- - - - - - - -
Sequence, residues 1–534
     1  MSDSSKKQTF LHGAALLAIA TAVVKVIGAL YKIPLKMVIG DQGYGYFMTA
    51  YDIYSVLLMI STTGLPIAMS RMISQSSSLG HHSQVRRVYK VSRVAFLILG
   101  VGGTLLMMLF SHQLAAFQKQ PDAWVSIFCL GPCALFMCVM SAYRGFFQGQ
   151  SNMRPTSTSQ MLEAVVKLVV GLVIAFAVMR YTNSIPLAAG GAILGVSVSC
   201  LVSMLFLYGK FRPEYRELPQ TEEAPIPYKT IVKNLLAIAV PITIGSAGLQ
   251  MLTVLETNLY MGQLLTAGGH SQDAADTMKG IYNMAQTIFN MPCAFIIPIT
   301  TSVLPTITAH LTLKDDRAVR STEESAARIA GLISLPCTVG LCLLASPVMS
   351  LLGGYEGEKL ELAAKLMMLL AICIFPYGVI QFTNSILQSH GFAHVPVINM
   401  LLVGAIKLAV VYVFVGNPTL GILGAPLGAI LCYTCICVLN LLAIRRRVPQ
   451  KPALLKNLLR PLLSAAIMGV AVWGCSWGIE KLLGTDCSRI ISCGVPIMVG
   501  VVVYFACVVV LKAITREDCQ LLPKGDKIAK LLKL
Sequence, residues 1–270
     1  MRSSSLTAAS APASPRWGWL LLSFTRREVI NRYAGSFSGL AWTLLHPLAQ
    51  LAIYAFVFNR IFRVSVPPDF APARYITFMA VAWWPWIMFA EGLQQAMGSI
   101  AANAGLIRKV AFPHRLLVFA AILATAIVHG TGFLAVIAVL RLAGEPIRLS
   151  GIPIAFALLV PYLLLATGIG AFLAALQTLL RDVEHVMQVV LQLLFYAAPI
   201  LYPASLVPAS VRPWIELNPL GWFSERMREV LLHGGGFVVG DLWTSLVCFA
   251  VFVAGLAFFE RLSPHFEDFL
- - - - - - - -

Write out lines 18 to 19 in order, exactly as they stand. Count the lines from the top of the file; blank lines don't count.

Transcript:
   201  LYPASLVPAS VRPWIELNPL GWFSERMREV LLHGGGFVVG DLWTSLVCFA
   251  VFVAGLAFFE RLSPHFEDFL